It’s been almost two years since I shared an update on our miraculous baby boy, Andrew Bradley, who is not so much a “baby” anymore. When I last shared, he was eight months old. At that time, he had sailed on through the taping of his cleft lip, followed by his lip adhesion and his full lip repair. Ear tubes were necessary at the time he received his lip adhesion at three months old, and that pair of tubes continued to look great when checked at the time of his lip repair surgery. Pretty much, for the first year of Andrew’s life, he met his developmental milestones as expected.
In addition to his cleft, we were also informed within the first month of Andrew’s life that he had a hole in his heart; a Ventricular Septal Defect or VSD. I remember at the time it was discovered, it felt similar to the weight of the world crushing down on us. Andrew’s cardiologist informed us that Andrew’s VSD was relatively small, however, with the location of the hole, she was certain that it would not close on its own. We were also informed that it was a possibility that even if problems did not arise within the first year, that it would be possible that it could be necessary to operate later on in his life.
At this point, as his mother, I had some of the worst thoughts rushing through my mind. Would he grow? Is he breathing okay daily? Will his surgeries necessary for cleft repair even be possible? Is he going to need open heart surgery (that was a scary one!)? Will he be able to navigate through his life just as any other child? WHAT CAN WE DO?
So, we did the only things possible:
2. LOVED him with more love than we knew could ever exist.
And yet again, a miracle was shown to us through our miracle son. Just before Andrew’s first birthday at his regular cardiology appointment, his doctor entered the room following his echocardiogram and spoke these words:
“I don’t know how this happened. This should not have happened.” Thankfully, she quickly followed this with, “The hole in his heart has closed on its own,” or I may have fallen to the floor. Our prayers were answered in a way we did not even realize was possible. God is so good and Andrew is a miracle that has been given to us.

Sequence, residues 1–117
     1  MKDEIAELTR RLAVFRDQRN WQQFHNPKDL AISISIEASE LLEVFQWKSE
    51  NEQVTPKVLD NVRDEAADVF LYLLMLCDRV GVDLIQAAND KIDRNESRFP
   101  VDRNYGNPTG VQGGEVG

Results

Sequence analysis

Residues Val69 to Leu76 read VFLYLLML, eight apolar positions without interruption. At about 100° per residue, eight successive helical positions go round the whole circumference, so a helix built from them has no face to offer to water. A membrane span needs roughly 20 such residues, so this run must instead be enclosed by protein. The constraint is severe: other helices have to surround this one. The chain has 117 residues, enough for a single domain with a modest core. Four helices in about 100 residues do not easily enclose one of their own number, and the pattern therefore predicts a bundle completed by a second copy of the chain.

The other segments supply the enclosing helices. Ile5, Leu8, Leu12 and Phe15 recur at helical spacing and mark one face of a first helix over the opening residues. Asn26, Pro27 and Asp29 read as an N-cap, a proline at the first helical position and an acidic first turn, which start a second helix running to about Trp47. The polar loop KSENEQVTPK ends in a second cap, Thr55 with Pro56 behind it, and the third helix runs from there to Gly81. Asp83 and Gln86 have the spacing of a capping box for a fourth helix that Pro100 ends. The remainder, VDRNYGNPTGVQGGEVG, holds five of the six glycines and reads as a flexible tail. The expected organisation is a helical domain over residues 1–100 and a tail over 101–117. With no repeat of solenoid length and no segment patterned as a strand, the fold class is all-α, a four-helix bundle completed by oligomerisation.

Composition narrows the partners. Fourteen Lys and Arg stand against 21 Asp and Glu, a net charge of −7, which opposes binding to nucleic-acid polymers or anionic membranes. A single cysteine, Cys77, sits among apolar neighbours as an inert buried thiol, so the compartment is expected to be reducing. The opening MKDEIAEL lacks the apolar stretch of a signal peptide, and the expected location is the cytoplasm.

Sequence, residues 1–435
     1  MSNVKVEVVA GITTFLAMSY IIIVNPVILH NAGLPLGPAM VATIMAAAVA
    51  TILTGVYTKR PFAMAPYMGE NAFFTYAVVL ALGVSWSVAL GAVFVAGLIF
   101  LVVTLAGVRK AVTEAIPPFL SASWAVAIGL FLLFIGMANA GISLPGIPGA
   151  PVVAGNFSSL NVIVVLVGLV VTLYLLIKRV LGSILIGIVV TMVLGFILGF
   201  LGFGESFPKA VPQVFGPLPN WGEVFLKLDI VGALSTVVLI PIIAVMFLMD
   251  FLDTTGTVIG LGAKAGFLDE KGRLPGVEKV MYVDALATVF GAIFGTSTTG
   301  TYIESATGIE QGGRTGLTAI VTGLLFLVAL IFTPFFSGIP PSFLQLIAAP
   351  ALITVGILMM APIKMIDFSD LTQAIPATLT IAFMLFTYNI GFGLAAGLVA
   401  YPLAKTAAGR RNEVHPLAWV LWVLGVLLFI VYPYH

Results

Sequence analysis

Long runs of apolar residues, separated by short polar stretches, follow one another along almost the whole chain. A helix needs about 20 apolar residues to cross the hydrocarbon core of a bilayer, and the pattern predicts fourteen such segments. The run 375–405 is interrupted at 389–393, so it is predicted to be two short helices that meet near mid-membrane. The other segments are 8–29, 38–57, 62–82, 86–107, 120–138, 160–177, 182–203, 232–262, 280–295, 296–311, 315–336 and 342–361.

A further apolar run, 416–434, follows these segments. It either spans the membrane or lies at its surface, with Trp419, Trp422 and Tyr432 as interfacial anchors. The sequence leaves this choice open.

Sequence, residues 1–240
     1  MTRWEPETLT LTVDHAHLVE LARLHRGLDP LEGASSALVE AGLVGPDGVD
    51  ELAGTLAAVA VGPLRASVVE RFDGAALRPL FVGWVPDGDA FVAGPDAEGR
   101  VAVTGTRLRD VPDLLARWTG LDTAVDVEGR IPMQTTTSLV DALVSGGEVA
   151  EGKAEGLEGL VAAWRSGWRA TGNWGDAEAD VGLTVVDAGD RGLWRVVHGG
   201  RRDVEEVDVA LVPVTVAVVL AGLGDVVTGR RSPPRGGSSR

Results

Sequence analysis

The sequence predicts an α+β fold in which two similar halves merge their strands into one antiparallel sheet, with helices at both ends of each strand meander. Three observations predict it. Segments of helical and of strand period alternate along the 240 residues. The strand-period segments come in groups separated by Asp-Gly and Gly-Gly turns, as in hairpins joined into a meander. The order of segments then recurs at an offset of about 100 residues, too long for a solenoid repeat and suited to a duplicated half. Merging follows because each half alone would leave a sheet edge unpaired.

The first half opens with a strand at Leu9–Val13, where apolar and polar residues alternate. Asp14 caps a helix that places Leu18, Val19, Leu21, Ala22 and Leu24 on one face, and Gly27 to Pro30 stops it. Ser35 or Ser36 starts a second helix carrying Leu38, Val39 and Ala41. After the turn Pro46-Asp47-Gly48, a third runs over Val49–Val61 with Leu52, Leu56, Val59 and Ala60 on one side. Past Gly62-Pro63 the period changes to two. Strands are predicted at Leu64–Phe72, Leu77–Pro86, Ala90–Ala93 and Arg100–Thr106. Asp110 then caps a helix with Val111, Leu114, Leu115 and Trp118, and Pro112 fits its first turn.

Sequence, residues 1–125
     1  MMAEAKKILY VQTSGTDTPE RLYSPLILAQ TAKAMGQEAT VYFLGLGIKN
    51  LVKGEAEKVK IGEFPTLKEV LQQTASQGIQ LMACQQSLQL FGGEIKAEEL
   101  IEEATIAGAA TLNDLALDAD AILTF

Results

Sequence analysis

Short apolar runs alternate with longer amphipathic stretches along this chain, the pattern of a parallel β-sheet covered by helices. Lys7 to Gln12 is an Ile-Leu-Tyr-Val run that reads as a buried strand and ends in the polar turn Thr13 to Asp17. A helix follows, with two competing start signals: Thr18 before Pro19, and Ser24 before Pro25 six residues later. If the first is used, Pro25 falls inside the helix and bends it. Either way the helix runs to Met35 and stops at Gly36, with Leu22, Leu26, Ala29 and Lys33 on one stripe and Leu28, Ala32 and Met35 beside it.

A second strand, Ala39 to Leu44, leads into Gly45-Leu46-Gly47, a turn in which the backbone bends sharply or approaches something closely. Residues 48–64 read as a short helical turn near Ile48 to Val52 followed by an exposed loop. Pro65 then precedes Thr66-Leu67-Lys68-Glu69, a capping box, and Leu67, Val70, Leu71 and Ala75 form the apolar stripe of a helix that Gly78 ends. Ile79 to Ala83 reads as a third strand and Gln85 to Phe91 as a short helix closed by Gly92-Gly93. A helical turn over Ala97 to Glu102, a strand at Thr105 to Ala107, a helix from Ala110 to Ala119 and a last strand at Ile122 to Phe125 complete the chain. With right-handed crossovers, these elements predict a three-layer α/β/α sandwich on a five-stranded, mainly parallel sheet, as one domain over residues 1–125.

From here, we moved on to his cleft palate repair when he was fourteen months old. Our cleft team had been preparing us for this surgery from the time of birth. So, we had an idea of what to expect, but we also were informed that every child gets through it differently. His plastic surgeon prepared us by letting us know that Andrew’s palate could possibly require donor skin because his cleft was so wide. We also knew that it would be possible that a hole could form in his palate during healing, resulting in the need for further repair. Thankfully, neither of these occurred. His palate repair surgery went smoothly, even though the hours it took to complete seemed like days to us as we waited for him to be moved to recovery following surgery. The hospital stay was longer than any we had experienced thus far. His healing was long and tedious: only liquids, no hard objects that could go in the mouth, arm “no-no’s” to restrain him from putting his hands or anything else in his mouth. We got through it. His palate healed fantastically. He passed his hearing test, following new tubes being placed during the time of his palate repair surgery.